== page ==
Director Bille Woodruff is known for helming projects featuring strong female roles, like HONEY, BEAUTY SHOP and countless music videos starring today’s biggest female pop stars (Toni Braxton, Britney Spears and TLC). Now the talented director returns with the sexy, stirring, sleek drama, ADDICTED. Based on the best-selling novel by Zane, the film follows Zoe Reynard (Sharon Leal), a successful businesswoman who appears to have it all – a perfect family, a healthy sex life with husband (Boris Kodjoe) and a booming PR agency. However, all of that changes when sensitive and talent artist Quinton Canosa (William Levy) enters her life and causes her to stray. She’s tempted further by another man, Corey (Tyson Beckford), who exposes her to a dangerous side of desire – lust. As risk is starting to outweigh the reward, Zoe’s therapist Dr. Marcella Smith (Tasha Smith) hints that she may be wrestling with a greater monster – the beast called addiction. And gurl, that’s when things start heating up.
At the film’s recent Los Angeles press day, Zane, Woodruff, Kodjoe, Smith, Beckford and Levy shared a few fun facts from behind-the-scenes of the steamy flick.
Though the film differs slightly from Zane’s novel, the message still remains in tact. Woodruff explains, “There’s a real story at hand; it’s a real issue – the story of addiction and honesty in relationships. Especially in the African-American community, there’s a stigma of going to get help/ seeking help. I loved that this is something that can entertain people, get them excited, but at the same time, there’s a message underneath that can get people talking and help people.” He continues, “Zane has her finger on the pulse of women. When I wanted to change Quinton to a Latin character, a lot of people would just hold onto something. She said, ‘I think that’s great! No they’ll love it!’ without any second thought.” Kodjoe was in tune with this message. “There was no doubt for me that they had a great relationship – on all levels. I didn’t want people to cop out. I wanted them to understand this was despite. When you feel that demon go, you can’t help it.” Zane says, “It was very hard for me to envision going from a 95,000 word book down to a script, because I was given the opportunity to write the script. I opted not to do it. I don’t think I could have seen losing what we lost and seeing the overall message still being effective. Now I get it.”
Tasha Smith and Bille Woodruff researched sex addiction. In the name of research the pair attended sex addicts counseling groups. Woodruff states, “We did the research on the therapy because we wanted to make sure we were saying the right things and dealing with it in the proper way.” Smith says that was integral to her part. “It was interesting. At first we were going in the direction of hypnotherapy, so I went and got hypnotherapy. I wasn’t really a believer in it. I went to a lot of group sessions – sex addiction anonymous sessions. I did a lot of one-on-ones with therapists who dealt with sex addiction and addiction. It gave me such compassion for addiction. At first we might have that judgmental perspective. To see the root of her addiction, to help this character find a place of redemption and recovery was great.”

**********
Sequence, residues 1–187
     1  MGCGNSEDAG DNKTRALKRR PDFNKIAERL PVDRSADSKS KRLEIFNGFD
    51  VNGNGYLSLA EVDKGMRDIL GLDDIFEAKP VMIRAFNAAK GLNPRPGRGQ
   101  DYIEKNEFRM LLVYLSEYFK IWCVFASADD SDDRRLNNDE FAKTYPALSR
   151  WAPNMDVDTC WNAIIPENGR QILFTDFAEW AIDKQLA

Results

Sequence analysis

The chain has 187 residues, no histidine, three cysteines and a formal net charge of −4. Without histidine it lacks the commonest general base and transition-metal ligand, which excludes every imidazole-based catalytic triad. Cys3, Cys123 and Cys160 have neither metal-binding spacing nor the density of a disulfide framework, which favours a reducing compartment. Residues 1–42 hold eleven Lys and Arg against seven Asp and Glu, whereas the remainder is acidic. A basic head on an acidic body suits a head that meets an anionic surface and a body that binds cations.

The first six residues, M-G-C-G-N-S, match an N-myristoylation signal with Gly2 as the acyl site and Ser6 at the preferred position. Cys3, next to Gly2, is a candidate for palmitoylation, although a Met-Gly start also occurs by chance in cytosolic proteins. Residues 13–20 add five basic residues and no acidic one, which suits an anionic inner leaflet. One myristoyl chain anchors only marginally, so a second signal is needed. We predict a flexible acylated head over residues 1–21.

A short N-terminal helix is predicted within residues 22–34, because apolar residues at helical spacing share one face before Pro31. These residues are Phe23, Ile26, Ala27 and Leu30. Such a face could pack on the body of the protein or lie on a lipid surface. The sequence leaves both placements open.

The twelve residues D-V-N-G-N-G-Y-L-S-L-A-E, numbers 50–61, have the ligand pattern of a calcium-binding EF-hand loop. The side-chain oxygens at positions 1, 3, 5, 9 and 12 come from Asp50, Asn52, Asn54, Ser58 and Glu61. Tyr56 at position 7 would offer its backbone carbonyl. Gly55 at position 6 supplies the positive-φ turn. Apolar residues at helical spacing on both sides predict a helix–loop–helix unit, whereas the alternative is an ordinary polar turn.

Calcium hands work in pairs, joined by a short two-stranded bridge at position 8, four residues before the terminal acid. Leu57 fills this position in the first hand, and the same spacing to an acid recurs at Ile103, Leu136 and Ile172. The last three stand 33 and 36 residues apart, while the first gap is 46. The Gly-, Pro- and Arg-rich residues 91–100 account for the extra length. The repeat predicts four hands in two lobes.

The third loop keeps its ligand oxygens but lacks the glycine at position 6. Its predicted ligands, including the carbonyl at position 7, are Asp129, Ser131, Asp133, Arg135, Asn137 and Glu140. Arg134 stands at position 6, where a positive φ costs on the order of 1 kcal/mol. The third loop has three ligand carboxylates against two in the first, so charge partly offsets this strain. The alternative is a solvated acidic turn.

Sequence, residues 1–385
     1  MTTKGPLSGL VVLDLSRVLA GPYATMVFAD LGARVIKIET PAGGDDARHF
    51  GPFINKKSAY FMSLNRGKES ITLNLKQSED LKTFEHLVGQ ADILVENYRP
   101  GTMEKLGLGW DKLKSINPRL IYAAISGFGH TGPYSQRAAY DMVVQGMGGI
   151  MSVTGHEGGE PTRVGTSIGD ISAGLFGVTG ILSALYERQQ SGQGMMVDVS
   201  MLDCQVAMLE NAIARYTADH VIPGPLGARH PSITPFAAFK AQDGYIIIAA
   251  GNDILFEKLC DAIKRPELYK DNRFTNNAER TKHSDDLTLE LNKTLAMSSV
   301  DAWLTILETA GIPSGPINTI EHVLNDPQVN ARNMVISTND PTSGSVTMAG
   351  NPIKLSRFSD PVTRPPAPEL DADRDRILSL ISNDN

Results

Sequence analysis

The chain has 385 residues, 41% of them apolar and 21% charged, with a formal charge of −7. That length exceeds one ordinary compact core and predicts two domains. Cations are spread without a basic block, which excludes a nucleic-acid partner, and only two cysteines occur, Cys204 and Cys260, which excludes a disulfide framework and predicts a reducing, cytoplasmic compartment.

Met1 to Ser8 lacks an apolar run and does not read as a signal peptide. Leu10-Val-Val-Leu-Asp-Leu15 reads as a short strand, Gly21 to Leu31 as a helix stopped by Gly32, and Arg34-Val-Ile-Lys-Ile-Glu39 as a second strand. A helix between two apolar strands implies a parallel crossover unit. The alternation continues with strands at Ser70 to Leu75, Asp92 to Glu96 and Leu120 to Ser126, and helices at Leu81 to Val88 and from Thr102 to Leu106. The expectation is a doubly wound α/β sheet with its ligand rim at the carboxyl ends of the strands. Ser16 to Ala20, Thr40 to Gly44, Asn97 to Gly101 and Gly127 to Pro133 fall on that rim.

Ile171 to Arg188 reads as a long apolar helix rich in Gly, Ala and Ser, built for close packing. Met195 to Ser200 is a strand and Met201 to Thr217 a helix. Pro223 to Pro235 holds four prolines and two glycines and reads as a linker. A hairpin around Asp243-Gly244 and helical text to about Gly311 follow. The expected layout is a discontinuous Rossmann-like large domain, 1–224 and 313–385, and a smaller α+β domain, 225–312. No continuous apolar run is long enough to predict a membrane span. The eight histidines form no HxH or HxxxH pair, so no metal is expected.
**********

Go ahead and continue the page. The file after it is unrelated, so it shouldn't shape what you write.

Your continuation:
The steamy sex scenes were anything but for most of the actors. In order to make his actors more comfortable before shooting, Woodruff took them through what he planned to shoot. “I went over the storyboards with the actors so they’d know exactly what to expect when I shoot it. They got to see and live with how I would approach doing it. On the day, I try to make it not a big deal as possible. I roll into it like the dentist sticking a needle in. It’s like the big elephant in the room and you want to keep the organic energy.” Beckford says, “He’ll [Woodruff] will tell you it’s not sexy but even to be the actors in this, you think, ‘this is kinda sexy. I’ll have to try this at home.’ He plans it all out. We just went with what he wanted, if it was too much, he’d pull us back.” Levy concurs, “There was a line each character had. We had to be different from each other. I couldn’t be so aggressive. I had to be sensitive.”
Strong women are at the forefront of ADDICTED. Woodruff states, “I love that this is a female doing things that you think of a man doing, because women and men do have similar desires.” Smith loved that this was a female-driven story. “I really give kudos to Zane for writing the book. To have this subject be told from a female perspective was wonderful. I feel like Sharon Leal did a great job. [It also] bridged that whole Latina, Africa-American gap.”
Each love scene has a distinct, unique look. Woodruff took great care into making sure each of the sex scenes had different aesthetics to match the heroine’s feeling. He says, “I definitely wanted the sex scenes in the film to tell a story. It depicts her journey. The stuff with her husband is supposed to still be sexy – it’s not like they have a boring marriage or the sex isn’t good. It’s warmer – I wanted this warmer, sexy thing going. This kind of golden thing going, but there’s some shadows and edge. With William [Levy], I wanted it to be like it’s a romantic escape. I wanted it to be like one of the paintings – like she’s escaping into one of his paintings. I tried to approach the lighting and production design to be rooted in reality but have a painterly, fantasy quality. By the time she gets involved with Corey, she’s really unraveling and gone over the edge, so I used a lot more blue lighting and hard edges and much more dramatic crushed blacks. I wanted it to feel like she was coming undone. I shot with a skinny shutter, so it gives it this more frenetic feeling and it’s cooler in tone.”
ADDICTED opens in theaters on October 10.Read More »